Estimation of supernatant plasma potassium, sodium, glucose, lactate, and LDH was done by the Clinical Chemistry auto-analyzer, Beckman Coulter AU680, as per the departmental protocol and manufacturer's instructions. Data of serial biochemical values were noted at weekly intervals and documented in the pro forma for assessment at the end of the study.

Statistical analysis

All the data were entered into Microsoft Excel, and statistical analysis was performed using SPSS for Windows version 20 (SPSS IBM Corp. Ltd. Armonk, NY). The distribution of data on categorical variables was expressed as percentages. The continuous data such as volume of PRBC, hematocrit in the bag, plasma Sodium, Potassium, Lactate, LDH, and glucose levels were expressed as mean with standard deviation. The association of continuous variables with irradiation was carried out by an independent Student's t-test. Generalized linear model was used to assess the changes in the levels of Na+, K+, glucose, lactate, LDH over time. A post hoc analysis was performed for these variables in the different groups irradiated and followed up at different time points. Statistical analysis was carried out at a 5% level of significance.

Statement of ethics and consent

The Institutional Ethics Committee approved the study vide infra letter no. JIP/IEC/2016/1140 dated March 08, 2017 with a waiver of consent as there was no data collected from the study participants in any form.

   Results Top

A total of 180 PRBC bags, out of which 90 each were irradiated and non-irradiated, were included in the study. In the irradiated group, the irradiation was done on day-1, 7, 14, 21, 28 of storage for 18 bags each. The distribution of various blood groups in our study shows that O positive and B positive bags together contributed to more than two-third (one-third each) of the total bags studied. All the blood bags met the Quality Criteria as per departmental SOP, which is formulated based on the Director-General of Health Sciences (DGHS) criteria.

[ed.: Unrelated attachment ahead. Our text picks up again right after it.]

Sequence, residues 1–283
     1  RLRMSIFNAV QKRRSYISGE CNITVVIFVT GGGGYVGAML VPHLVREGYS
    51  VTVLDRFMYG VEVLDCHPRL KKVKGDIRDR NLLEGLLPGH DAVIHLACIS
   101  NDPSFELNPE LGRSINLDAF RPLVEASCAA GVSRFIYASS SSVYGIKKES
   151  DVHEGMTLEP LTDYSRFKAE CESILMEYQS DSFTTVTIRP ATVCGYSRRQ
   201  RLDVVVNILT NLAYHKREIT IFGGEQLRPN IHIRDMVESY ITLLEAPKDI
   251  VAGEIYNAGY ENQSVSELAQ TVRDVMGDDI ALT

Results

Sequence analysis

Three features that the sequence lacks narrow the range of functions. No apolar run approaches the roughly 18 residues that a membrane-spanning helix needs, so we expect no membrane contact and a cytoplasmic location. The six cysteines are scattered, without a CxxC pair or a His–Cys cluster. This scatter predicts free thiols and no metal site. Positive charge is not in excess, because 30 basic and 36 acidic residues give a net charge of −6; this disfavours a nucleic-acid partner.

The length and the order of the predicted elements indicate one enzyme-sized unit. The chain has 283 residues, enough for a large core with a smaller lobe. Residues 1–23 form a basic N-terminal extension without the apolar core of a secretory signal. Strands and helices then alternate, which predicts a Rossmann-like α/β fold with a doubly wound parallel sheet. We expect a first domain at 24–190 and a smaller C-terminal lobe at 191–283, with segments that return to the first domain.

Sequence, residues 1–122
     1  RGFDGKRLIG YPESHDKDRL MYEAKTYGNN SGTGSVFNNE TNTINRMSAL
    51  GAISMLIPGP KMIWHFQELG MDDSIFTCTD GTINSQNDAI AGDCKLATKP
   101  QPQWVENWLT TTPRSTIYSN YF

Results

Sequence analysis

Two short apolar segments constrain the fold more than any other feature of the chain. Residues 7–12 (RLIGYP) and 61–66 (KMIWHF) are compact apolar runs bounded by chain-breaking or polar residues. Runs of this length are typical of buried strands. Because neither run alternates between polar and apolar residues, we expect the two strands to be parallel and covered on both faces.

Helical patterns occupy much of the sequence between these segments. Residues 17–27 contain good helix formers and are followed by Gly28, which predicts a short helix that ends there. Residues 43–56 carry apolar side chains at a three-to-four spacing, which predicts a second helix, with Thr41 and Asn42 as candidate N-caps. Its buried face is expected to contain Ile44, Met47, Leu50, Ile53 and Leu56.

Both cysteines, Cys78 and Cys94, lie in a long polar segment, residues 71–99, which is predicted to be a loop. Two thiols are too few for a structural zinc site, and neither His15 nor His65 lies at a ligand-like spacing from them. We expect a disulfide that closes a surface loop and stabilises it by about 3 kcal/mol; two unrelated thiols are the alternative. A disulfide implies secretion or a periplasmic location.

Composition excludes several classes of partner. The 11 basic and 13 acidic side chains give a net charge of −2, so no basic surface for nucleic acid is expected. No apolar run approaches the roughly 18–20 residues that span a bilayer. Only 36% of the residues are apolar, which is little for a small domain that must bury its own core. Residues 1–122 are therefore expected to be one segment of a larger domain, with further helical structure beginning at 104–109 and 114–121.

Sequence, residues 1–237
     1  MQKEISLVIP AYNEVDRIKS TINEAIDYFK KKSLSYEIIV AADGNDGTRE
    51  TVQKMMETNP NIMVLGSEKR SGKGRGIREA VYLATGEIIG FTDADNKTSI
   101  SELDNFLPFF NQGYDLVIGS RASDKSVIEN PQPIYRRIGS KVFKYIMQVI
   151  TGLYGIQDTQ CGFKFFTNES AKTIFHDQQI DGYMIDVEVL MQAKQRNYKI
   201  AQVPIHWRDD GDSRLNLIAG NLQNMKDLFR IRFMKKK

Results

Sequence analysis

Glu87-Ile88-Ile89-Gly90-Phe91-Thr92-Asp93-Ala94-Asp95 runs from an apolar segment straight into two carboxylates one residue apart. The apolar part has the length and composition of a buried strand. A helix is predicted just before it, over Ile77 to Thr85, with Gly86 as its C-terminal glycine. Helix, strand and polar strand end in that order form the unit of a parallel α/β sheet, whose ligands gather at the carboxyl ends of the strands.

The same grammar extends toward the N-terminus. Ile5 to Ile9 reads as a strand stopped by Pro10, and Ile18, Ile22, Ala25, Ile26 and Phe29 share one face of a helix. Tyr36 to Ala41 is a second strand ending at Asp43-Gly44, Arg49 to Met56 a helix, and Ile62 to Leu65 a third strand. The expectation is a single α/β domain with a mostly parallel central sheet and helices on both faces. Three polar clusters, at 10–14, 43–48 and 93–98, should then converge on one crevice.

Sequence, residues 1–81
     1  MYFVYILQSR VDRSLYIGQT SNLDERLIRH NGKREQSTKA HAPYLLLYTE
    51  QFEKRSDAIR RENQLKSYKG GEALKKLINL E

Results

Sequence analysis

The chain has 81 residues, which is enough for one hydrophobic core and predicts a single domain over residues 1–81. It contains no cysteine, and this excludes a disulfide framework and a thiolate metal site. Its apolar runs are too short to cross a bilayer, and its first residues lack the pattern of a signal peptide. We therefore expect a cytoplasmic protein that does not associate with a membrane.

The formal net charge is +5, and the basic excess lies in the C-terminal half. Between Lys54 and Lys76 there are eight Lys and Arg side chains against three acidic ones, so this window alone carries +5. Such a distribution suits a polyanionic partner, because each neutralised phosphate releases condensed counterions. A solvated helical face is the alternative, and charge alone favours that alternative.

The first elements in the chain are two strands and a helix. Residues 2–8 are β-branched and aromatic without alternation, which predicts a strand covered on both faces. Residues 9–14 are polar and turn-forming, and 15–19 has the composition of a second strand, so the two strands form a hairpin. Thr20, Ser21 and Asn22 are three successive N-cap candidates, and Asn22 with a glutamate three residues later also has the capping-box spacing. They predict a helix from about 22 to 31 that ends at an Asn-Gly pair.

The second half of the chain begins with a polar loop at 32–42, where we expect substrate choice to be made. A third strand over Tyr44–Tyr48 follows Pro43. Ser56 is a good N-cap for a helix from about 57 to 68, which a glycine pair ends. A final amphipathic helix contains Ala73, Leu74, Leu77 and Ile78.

It was seen that there was no difference between irradiated and non-irradiated Day-1 baseline values for all the biochemical parameters. The mean values of biochemical parameters and their difference between non-irradiated and irradiated blood bags on Day-1 (baseline values) and Day-28 (last day of storage) are depicted in [Table 1]. The mean values were observed to be similar in Day-28 irradiated and non-irradiated groups for all the parameters. The tracings of mean values for the levels of potassium, sodium, glucose, lactate, and LDH are shown in [Figure 2], [Figure 3], [Figure 4], [Figure 5], [Figure 6] respectively. Mean Potassium, Lactate, and LDH levels increased, and sodium, glucose values decreased from Day-1 to 28 in all the groups.{Table 1}{Figure 2}{Figure 3}{Figure 4}{Figure 5}{Figure 6}